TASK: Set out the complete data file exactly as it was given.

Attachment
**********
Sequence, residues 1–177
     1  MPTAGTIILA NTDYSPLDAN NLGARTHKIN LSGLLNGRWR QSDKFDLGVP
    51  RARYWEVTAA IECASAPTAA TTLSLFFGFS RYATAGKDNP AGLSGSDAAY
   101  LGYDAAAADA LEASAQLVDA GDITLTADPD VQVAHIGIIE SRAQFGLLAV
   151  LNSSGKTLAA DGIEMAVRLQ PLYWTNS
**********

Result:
Sequence, residues 1–177
     1  MPTAGTIILA NTDYSPLDAN NLGARTHKIN LSGLLNGRWR QSDKFDLGVP
    51  RARYWEVTAA IECASAPTAA TTLSLFFGFS RYATAGKDNP AGLSGSDAAY
   101  LGYDAAAADA LEASAQLVDA GDITLTADPD VQVAHIGIIE SRAQFGLLAV
   151  LNSSGKTLAA DGIEMAVRLQ PLYWTNS